Construction is Complete on a New Wetland in Monroe County

Construction is now complete on a new wetland at our Fix-Stoelting Preserve in Monroe County, where we are restoring farmland to thriving wetland habitat. Wetlands are critical to support threatened and endangered wildlife and keep our water, soils, and air clean, yet more than 85% of Indiana’s wetlands have been lost.

How is a new wetland created? 

With the help of Stanger Excavating – who generously provided their services at a reduced rate – we excavated the soil at Fix-Stoelting Preserve using tractors and created a berm to hold water, which is a small dam only about a foot tall. This created shallow pond areas that will fill with flooding or rain.

Two separate wetland areas were created at the east and west end of the former farm field, separated by our new native tree planting (highlighted in this aerial view by protective white tree tubes).  Except when there is a major flood from nearby Beanblossom Creek, these shallow ponds won’t be more than 1-2 feet deep and will dry up seasonally, creating mud flats for migratory birds and good breeding ponds for amphibians.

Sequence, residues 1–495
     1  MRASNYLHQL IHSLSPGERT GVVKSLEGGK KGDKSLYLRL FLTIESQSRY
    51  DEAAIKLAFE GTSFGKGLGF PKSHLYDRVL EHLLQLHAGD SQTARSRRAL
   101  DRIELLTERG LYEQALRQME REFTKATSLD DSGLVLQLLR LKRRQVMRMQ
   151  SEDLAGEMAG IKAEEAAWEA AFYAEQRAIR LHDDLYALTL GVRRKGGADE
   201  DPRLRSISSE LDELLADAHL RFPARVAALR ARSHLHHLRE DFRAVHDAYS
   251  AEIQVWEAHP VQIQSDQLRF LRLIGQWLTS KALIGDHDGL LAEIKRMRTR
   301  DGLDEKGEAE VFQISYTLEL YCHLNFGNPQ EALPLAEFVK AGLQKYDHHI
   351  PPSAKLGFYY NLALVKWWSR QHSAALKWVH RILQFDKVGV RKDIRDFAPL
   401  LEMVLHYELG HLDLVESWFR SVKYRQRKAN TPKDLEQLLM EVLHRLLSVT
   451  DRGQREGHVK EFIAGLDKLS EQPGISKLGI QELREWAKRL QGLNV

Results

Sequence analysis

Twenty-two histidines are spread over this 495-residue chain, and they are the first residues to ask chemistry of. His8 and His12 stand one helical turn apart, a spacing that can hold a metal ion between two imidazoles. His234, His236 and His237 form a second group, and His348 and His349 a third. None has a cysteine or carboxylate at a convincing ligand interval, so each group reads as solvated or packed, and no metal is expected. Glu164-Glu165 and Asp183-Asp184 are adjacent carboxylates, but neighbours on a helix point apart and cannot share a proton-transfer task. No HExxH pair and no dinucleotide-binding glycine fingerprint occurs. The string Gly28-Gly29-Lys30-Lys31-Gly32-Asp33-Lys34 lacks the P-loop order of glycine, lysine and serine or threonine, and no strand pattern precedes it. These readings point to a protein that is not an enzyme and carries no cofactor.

This new wetland will be about 4-5 acres in total, depending on the time of year and the amount of water in the area. It is part of Sycamore’s largest restoration project ever untaken to create over 80 acres of wetland habitat in the area, funded by the USDA Natural Resources Conservation Service (NRCS) Environmental Quality Incentive Program (EQIP), who designed the wetland areas. Additional generous support was provided by Ducks Unlimited, Bulleit Whiskey, American Forests, Sassafras Audubon Society, US Perennials, Michael Day, and our Sycamore members. Together we are making great strides to restore critical wetland habitat. 

Photos: Fix-Stoelting Preserve wetland aerials by John Lawrence. Wetland construction photo by Kate Hammel.